Who is 'Public Enemy's' Flavor Flav and Did Bernie Sanders Really Play A Role In Getting Him Fired?

Public Enemy officially fired founding member, Flavor Fav, after the hip-hop icon sent a cease-and-desist letter to Senator Bernie Sanders, ahead of their benefit concert. Chuck D, leader of Public Enemy, argued that his former bandmate would only be interested in endorsing the presidential candidate if money was made from their free concert.

On Friday, February 28, 2020, Flavor Flav's lawyer, Matthew Friedman, delivered a cease-and-desist letter to the Senator from Vermont, according to Rolling Stone. The 2013 Rock and Roll Hall of Famer, who has not officially endorsed any political candidate in the upcoming November election, accused the Sanders campaign of applying the hip-hop icon's "unauthorized likeness, image and trademarked clock" to promote the campaign's Sunday rally at the Los Angeles Convention Center. In the poster for the Sunday rally, Sanders was drawn in black and white, under the caption, "Fight the Power," a reference to Public Enemy's 1989 hit single. At the bottom of the cease-and-desist letter, Flav wrote by hand, "Hey Bernie, don't do this."

On Sunday, Chuck D and Public Enemy Radio, which included DJ Lord, Jahi and the S1Ws, still performed at the live streamed event as scheduled. After performing such tracks, "Fight the Power," and "Bring the Noise," Chuck D emphasized the right to vote, "Voting is as important as washing your ass in the morning;" per Pitchfork.

In their released statement, Public Enemy and Public Enemy Radio mentioned they have officially parted ways with the Flavor of Love reality star, "Public Enemy and Public Enemy Radio will be moving forward without Flavor Flav. We thank him for his years of service and wish him well."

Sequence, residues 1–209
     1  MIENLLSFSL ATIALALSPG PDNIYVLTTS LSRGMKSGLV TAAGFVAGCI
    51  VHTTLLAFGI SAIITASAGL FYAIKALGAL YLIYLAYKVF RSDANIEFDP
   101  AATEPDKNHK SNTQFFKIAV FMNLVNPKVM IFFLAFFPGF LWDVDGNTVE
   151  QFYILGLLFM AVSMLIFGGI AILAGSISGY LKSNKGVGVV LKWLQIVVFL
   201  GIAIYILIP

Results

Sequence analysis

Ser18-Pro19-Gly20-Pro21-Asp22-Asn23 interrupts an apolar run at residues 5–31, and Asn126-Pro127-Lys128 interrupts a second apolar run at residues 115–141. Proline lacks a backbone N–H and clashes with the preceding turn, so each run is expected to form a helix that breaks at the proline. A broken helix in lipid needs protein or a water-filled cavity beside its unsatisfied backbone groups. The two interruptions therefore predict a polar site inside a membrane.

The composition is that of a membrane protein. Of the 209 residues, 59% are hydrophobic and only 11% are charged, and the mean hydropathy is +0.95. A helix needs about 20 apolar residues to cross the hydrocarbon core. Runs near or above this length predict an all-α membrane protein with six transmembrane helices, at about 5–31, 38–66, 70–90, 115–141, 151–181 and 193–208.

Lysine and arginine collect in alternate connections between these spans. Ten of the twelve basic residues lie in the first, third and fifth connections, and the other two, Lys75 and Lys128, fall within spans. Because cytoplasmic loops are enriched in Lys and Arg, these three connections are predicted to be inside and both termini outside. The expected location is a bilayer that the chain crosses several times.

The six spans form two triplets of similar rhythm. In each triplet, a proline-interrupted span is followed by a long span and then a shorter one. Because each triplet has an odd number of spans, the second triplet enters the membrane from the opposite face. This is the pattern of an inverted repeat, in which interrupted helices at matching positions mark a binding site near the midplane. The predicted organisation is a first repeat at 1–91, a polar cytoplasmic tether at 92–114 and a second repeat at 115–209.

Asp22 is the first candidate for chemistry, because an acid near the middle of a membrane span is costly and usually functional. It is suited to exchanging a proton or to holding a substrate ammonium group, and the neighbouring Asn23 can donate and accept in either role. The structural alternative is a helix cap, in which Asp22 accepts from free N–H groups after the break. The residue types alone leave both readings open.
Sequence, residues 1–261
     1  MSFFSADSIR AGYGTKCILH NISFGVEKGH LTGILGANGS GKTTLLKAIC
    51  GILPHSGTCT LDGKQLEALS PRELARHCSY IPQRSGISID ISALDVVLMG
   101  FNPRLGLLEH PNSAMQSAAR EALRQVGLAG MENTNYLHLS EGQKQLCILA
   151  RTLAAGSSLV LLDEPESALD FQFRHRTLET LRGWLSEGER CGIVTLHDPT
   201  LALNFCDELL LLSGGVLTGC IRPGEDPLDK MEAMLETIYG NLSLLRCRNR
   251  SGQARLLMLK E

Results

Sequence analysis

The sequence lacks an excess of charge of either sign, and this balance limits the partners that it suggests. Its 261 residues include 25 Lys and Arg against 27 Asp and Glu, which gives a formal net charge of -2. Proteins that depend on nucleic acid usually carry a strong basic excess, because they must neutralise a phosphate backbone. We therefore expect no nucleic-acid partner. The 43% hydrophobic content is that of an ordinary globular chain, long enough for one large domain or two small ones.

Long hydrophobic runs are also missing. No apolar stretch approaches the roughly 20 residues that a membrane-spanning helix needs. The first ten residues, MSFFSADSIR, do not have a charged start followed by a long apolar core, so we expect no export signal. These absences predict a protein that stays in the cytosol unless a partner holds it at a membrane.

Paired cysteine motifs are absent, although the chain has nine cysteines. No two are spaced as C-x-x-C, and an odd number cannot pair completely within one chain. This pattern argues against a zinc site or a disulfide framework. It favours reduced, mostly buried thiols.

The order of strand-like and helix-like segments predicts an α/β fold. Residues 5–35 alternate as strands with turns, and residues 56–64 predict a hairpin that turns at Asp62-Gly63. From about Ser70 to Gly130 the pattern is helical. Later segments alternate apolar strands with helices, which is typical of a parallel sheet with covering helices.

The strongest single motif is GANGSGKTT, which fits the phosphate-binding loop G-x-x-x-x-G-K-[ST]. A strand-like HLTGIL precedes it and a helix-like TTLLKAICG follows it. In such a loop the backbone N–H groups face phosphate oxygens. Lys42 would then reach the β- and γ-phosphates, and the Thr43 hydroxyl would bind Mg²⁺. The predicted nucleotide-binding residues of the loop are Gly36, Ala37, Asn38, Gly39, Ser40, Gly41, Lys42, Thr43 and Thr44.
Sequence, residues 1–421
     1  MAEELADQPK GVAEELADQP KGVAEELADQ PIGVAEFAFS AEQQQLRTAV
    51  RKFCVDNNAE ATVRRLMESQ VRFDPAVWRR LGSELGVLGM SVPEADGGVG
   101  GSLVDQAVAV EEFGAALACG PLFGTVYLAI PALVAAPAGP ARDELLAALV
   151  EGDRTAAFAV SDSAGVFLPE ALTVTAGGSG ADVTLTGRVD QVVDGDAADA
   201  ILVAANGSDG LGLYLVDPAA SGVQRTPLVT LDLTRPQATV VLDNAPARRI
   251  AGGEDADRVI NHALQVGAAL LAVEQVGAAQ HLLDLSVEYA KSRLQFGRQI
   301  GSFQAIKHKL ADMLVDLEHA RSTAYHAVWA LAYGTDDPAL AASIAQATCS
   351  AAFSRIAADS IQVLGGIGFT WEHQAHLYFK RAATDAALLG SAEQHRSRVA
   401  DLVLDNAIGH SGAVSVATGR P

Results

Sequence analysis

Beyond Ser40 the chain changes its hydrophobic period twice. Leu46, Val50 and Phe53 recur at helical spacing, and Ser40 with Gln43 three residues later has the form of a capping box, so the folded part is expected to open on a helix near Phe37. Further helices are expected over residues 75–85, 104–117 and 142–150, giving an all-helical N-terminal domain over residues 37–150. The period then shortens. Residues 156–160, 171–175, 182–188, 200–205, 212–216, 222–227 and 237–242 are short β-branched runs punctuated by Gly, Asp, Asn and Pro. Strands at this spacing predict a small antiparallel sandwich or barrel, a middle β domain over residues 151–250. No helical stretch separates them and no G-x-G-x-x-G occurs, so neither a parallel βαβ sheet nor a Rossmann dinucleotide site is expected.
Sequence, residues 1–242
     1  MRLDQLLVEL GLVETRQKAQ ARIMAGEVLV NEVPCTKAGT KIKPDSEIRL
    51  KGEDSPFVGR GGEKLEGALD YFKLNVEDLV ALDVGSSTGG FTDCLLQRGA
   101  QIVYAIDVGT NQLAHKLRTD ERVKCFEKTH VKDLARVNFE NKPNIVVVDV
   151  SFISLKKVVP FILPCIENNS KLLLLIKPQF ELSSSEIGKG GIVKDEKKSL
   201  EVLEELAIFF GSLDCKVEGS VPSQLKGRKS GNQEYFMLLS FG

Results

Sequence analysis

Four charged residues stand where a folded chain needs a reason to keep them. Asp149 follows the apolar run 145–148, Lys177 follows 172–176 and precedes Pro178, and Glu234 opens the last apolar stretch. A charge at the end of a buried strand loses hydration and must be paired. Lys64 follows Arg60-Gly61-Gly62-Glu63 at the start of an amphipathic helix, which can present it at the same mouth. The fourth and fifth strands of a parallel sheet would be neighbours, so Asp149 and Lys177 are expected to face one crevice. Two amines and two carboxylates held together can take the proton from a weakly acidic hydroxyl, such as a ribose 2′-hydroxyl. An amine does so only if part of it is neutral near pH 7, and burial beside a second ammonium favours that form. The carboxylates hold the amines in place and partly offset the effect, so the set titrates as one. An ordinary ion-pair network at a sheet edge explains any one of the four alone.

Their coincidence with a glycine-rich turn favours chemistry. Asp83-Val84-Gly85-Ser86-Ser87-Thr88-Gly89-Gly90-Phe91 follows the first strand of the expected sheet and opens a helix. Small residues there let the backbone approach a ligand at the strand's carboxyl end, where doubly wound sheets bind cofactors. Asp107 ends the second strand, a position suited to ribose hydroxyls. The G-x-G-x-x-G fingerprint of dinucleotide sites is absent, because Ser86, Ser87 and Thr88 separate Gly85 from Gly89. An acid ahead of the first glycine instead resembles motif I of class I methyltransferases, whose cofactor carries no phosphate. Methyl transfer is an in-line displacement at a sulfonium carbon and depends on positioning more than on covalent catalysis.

Public Enemy
STERLING HEIGHTS, MI - AUGUST 06: Flavor Flav (L) and Chuck D of Public Enemy perform at Freedom Hill Amphitheater on August 6, 2016 in Sterling Heights, Michigan. (Photo by Scott Legato/Getty Images) Scott Legato/Getty

Chuck D's lawyer stated that his client has more rights over the song, "Fight the Power" than Flavor Flav, "From a legal standpoint, Chuck could perform as Public Enemy if he ever wanted to; he is the sole owner of the Public Enemy trademark. He originally drew the logo himself in the mid-80s, is also the creative visionary and the group's primary songwriter, having written Flavor's most memorable lines."

Spoke @BernieSanders rally with @EnemyRadio. If there was a $bag, Flav would’ve been there front & center. He will NOT do free benefit shows. Sued me in court the 1st time I let him back in. His ambulance lawyer sued me again on Friday & so now he stays home & better find REHAB

— Chuck D (@MrChuckD) March 2, 2020

On his recent feed Twitter, Chuck D argued that The Surreal Life cast alum would have supported the free concert if money had been involved, "Flav would've been there front & center. He will not do free benefit shows. Sued me in court the first time. I let him back in. His ambulance lawyer sued me again on Friday and so now, he stays home, and better find rehab."